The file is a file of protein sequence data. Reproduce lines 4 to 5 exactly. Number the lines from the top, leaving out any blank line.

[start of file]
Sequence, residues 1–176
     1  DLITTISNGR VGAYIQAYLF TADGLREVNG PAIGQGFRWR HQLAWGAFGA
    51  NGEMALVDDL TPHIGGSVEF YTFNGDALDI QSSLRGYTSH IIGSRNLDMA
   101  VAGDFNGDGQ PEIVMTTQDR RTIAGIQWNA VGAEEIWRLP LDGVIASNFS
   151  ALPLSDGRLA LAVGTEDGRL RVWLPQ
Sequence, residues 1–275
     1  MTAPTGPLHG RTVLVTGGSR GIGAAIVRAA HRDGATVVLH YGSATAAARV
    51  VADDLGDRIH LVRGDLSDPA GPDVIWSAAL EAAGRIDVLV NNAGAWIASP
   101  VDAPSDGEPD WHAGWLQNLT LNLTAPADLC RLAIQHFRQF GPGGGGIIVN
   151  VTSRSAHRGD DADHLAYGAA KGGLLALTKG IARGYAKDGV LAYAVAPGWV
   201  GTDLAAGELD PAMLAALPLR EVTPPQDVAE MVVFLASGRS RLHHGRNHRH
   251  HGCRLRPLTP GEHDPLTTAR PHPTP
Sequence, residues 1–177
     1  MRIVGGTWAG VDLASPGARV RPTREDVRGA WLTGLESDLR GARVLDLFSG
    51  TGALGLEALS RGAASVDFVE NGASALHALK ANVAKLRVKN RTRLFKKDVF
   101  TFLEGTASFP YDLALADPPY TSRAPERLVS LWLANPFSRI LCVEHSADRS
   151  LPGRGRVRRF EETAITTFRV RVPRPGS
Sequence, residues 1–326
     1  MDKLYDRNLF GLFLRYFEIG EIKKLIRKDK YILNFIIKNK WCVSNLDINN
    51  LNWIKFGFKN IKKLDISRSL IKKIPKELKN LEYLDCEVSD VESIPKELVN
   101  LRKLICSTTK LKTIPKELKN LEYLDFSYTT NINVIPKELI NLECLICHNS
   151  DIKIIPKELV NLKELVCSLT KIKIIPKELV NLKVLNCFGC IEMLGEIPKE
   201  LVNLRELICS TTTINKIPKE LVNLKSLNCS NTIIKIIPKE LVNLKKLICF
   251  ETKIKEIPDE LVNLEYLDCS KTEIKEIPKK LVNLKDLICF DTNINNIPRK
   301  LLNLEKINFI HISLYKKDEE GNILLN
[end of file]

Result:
   101  VAGDFNGDGQ PEIVMTTQDR RTIAGIQWNA VGAEEIWRLP LDGVIASNFS
   151  ALPLSDGRLA LAVGTEDGRL RVWLPQ